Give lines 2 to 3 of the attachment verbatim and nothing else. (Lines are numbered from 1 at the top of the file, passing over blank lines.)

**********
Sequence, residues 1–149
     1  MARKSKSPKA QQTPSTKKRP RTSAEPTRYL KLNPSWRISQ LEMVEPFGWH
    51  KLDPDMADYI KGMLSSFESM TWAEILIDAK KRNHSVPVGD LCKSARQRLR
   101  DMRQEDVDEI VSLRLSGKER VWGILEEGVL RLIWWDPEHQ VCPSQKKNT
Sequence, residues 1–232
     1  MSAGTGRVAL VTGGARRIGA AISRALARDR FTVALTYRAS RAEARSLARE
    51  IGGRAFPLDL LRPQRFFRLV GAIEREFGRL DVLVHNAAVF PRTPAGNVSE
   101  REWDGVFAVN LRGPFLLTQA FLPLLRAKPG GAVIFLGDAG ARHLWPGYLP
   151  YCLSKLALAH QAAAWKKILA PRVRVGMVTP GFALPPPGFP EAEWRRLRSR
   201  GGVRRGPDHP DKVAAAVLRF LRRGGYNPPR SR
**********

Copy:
     1  MARKSKSPKA QQTPSTKKRP RTSAEPTRYL KLNPSWRISQ LEMVEPFGWH
    51  KLDPDMADYI KGMLSSFESM TWAEILIDAK KRNHSVPVGD LCKSARQRLR